22 Mar Dry Eyes
Dry eyes is an escalating problem for many people, for lots of reasons. We know our dependency on digital devices and working from home has got to be a factor, and it is. If you look at the stats around the increase in digital device usage, across the full spectrum of age profiles, our device usage has dramatically increased.
There are loads of advantages to our digital age and we are all enjoying our relatively new capabilities. How suited we are as humans to cope with this new lifestyle might take a few more generations. Here and now the effect on our eyes are many from dry eyes, computer vision syndrome (CVS), high visible light (HEV) exposure and the obvious tired eyes we get from excessive use. This type of tiredness differs from the relaxed, depleted tiredness after taking physical exercise, patients describe, a tiredness where we want to close our eyes but it is too early to go to bed..
Our cornea is a highly sensitive tissue with no blood supply. It needs to be kept hydrated to be happy and clear. When the tear film is either missing or breaks down too easily (poor quality) we have the symptoms of dry eyes.
There are lots of treatments and suggestions out there about what to do. And there are many variables why one person suffers more than another, or you yourself are more aware of your dry eyes one day over another. Here are some of the factors that are at play
- lack of hydration
- sleep quality and the duration
- what we eat and how our body breaks it down
- stimulants we ingest, e.g. coffee, alcohol
- certain allergens people are typically allergic to, e.g. lactose, gluten
- lid function and our blink rate
- lid condition, e.g. blepharitis, Demodex
- tear production, too little/too much
- chronic inflammation
- Oil glands in the lids, stodgy, e.g. Meibomian gland dysfunction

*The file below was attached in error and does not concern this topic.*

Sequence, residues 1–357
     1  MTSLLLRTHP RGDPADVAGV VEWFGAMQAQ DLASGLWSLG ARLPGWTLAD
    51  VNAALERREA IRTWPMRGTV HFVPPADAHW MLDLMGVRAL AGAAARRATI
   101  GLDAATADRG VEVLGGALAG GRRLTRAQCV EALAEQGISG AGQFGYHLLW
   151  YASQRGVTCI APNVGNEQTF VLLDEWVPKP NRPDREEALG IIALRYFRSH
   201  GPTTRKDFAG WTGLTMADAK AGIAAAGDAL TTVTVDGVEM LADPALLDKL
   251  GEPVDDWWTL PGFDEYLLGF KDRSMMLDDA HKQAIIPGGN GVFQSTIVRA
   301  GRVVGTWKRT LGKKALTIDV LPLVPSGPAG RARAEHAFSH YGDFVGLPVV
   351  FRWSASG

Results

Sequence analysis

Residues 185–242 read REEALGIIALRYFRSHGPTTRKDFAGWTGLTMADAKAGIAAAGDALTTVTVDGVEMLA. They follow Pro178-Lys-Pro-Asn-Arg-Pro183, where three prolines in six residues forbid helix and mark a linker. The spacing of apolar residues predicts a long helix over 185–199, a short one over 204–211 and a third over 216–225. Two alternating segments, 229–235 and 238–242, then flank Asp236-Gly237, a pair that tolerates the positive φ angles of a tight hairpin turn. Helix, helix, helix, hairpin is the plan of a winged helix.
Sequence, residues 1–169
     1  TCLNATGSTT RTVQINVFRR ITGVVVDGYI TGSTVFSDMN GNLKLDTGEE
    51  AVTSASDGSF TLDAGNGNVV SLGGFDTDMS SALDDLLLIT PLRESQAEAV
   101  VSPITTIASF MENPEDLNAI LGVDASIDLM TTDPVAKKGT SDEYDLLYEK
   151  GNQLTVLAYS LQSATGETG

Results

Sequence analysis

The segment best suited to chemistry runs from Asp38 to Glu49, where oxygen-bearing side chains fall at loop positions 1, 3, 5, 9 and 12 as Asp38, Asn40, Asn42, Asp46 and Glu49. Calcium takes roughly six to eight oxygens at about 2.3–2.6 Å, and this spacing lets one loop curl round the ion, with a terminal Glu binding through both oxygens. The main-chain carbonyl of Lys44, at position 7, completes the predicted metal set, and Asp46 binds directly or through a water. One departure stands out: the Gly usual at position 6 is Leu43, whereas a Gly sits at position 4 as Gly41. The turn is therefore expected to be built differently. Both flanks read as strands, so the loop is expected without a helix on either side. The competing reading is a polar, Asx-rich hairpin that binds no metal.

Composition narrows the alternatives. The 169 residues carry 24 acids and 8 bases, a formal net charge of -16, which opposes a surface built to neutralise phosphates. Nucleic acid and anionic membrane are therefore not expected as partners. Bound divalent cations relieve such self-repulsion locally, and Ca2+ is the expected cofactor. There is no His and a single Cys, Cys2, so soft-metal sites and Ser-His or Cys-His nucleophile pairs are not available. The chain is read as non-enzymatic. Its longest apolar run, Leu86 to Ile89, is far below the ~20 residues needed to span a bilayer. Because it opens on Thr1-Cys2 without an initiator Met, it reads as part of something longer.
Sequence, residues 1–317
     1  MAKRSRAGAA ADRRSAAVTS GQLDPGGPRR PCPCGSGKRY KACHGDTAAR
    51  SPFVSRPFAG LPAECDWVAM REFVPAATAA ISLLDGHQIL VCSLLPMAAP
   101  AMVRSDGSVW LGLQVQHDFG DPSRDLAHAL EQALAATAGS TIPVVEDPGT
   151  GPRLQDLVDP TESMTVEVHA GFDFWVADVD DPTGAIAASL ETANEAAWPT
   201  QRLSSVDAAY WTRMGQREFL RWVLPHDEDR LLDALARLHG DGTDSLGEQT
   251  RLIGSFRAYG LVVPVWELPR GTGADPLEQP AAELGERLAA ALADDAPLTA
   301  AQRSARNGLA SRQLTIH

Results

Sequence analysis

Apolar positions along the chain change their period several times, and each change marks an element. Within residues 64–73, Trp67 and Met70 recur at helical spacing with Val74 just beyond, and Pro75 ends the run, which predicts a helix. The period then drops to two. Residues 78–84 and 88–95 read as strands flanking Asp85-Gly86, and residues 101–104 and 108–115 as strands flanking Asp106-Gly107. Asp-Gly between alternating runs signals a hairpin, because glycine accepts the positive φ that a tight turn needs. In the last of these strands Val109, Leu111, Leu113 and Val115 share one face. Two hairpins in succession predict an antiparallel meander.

- warm working environment
- environmental toxins
- HEV light e.g. blue light
A long list and I am sure you can think of a few more. Mask wearers, due to COVID, are reporting an increase in dry eye symptoms as their warm breath sweeps up and across their eyes, increases the latent heat of evaporation of their tear film.
People vary as well as their routines, behaviours, environment etc. Inherently any of these triggers are often the straw that brakes the camal’s back, as patients would have a poor tear film to start with and external challenges (e.g. excessive computer use) send them over the edge and now they are symptomatic
What we advise patients in order for them to self-manage dry eyes is to put a strategy together and then tweak depending on the results. Doing more of what works and abandon what isn’t. When this regime fails in time due to a new trigger go back to the start and experiment again.
Once you are conscious of your dry eyes, you want an immediate results so select a lubricant eye drop that will give you comfort and a break from the symptoms. Select one of the following as they have a broad spectrum of effectiveness and are preservative free, Thealoz duo, either in the drops or gel format, or HyloForte.
Both have a lot shelf life and are effective immediately
To take control of the situation and to prevent you needing to take eye drops as a replacement to your own tears indefinitely consider a daily routine.
- 1st thing in the morning clean the eyelids with a lid wipe, e.g. Blephaclean wipes
- Instil a lubricant drop as described above, into each eye, and again during the day, usually x 4 times/daily
- If you have time apply a heat pack to the eyes for 10 minutes in the morning, and/or in the evening time also.
- After the heat session gentle massage the lids to extract the natural oils from your lids, you will find this is very relaxing and effective particularly in the evening
- Consider taking a supplement that aids your health overall, but with Omega 3 oil that will improve your tear quality and act as an anti-inflammatory, e.g. Nutrof Total, Omega Eye, Lagad Lacrima
- Clean the lids at the end of your day once again with the lid wipes.
- Before you switch off your bedroom light at night, consider instilling a heavier lubricant drop e.g. ThealozDuo gel, or Hylo Night ointment.
Sounds like there is a lot to do but not really once you get in the habit. We are not in the habit of doing anything with our eyes to help them manage the stresses of the day. Unlike our teeth, which we are trained to clean from a young age.
Happy to help anyone who has a specific dry eye issue, email firstname.lastname@example.org and we will get back to you.